Capitol Reef National Park, located in the center of Utah five national parks, is quickly becoming one of the state’s most popular destinations for hiking, sightseeing and other adventurous outdoor activities. The list of things to do can be lengthy, depending on your interests and time. Here are five of the most popular activities for first-time visitors.
See Historic Gifford Homestead: This historic farm dates back to the late 1800s when the early pioneers first settled the area. You can see the original buildings, orchards, and gardens, and buy homemade items including pies and jams. There are large grassy areas with picnic tables making this a popular place for a lunch stop where you can enjoy the pie you just purchased.
Hike to Hickman Natural Bridge: This is a moderate hike that leads you to a stunning natural bridge that spans 133 feet across a canyon. The round-trip distance is 2 miles and takes about an hour. We recommend going early, the parking lot is small and fills quickly. Be sure to apply sunscreen, wear a hat and take a bottle of water. There are few places with shade on this hike.
Cruise the Capitol Reef Scenic Drive: This paved road takes you out and back 16 miles (8 miles one way) through some of the most scenic landscapes in the park. Colorful cliffs of Moenkopi, Chinle, and Wingate formations tower high above that lead to narrow canyons. In addition, there are several side roads and trails that you can explore along the way. At the end of the paved road a parking lot with picnic tables and restroom are provided.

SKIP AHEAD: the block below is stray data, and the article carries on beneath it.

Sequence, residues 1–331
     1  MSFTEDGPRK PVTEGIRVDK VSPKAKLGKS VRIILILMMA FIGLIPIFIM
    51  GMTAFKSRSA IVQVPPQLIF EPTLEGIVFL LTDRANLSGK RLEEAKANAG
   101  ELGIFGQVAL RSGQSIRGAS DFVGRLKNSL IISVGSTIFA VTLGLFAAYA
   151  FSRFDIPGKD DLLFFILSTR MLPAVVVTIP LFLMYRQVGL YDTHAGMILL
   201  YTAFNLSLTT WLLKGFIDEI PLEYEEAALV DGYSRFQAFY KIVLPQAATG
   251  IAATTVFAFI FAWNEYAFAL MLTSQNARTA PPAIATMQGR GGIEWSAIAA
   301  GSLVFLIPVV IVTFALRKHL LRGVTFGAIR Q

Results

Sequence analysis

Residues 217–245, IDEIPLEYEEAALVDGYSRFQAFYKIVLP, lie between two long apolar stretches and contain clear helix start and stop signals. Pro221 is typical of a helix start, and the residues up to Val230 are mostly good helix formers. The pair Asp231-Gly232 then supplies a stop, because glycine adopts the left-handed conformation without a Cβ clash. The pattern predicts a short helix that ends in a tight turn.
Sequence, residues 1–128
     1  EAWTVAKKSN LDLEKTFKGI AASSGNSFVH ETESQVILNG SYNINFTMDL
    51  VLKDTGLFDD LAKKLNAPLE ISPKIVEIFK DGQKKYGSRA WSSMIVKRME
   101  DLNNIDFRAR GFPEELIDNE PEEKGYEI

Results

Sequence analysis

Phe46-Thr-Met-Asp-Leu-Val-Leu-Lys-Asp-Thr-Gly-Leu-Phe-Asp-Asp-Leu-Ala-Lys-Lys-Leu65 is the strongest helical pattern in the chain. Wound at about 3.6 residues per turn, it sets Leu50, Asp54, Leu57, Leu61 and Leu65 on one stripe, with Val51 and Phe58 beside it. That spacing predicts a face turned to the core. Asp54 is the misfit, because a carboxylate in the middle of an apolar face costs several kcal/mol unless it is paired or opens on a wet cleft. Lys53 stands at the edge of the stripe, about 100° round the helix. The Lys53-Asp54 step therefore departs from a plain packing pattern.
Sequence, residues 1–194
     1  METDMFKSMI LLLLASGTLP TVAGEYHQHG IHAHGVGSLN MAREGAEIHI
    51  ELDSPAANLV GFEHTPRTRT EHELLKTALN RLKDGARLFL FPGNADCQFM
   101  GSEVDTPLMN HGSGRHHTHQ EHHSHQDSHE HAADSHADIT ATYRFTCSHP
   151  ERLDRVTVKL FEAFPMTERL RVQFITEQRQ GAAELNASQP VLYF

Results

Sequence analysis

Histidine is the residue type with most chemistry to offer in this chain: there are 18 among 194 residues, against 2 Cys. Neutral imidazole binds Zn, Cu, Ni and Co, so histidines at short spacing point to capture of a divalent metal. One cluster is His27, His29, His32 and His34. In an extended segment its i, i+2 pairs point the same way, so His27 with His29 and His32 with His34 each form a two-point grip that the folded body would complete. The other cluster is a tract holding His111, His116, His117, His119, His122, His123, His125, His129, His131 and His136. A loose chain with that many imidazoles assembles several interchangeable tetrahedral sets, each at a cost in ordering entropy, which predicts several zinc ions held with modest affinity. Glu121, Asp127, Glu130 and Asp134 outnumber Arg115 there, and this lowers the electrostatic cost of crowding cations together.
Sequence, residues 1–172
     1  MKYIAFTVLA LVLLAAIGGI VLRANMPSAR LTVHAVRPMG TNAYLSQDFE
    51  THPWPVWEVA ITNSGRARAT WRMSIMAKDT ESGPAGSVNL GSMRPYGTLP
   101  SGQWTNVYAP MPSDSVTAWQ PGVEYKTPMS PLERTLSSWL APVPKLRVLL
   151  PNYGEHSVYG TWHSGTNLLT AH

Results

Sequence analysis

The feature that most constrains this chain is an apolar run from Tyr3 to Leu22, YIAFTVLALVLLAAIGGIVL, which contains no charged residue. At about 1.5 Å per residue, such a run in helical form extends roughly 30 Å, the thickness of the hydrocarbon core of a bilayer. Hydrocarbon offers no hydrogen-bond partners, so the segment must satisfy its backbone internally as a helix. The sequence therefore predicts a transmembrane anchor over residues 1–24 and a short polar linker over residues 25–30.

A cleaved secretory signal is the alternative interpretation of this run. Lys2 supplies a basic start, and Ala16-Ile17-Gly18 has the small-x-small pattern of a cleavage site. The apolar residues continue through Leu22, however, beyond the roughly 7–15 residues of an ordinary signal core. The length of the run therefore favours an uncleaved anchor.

Ancient Native American Petroglyphs: Along highway 24, the main route through the park, you can see ancient rock art carved in the cliff walls by the Fremont people who lived in the area between 600 and 1300 AD. There are several panels of petroglyphs that depict animals, humans, and geometric shapes. Look for a small parking lot on the side of the road with boardwalks.
Feel Small on the Grand Wash Trail: Another popular trail that is considered easy that is ideal for all ages especially great for multi-generation families. The trail follows a dry wash through a narrow gorge. The walls of the canyon rise to 800 feet above you, creating a dramatic contrast. The round-trip distance is 4.4 miles and takes about 2 hours. NOTE: Watch the weather, this is a flood drainage during sever thunderstorms. It’s always a good idea to check conditions with the visitors center prior to hiking in canyons and washes.
Of course, there are many more things to do in Capitol Reef National Park, such as exploring Cathedral Valley, Waterpocket Fold, Capitol Gorge, watching the sunset at Chimney Rock, hiking to Cassidy Arch, and taking in 360-degree views from Panorama Point just to name a few. You can also follow us on our social media for additional ideas and suggestions.
Keep Capitol Reef Country Forever Mighty
Plan ahead and prepare, travel and camp on durable surfaces, dispose of waste properly, leave what you find, minimize campfire impacts, respect wildlife, be considerate of others, support local business and honor community, history and heritage. Help us keep Utah and Capitol Reef Country’s outdoor recreation areas beautiful, healthy, and accessible.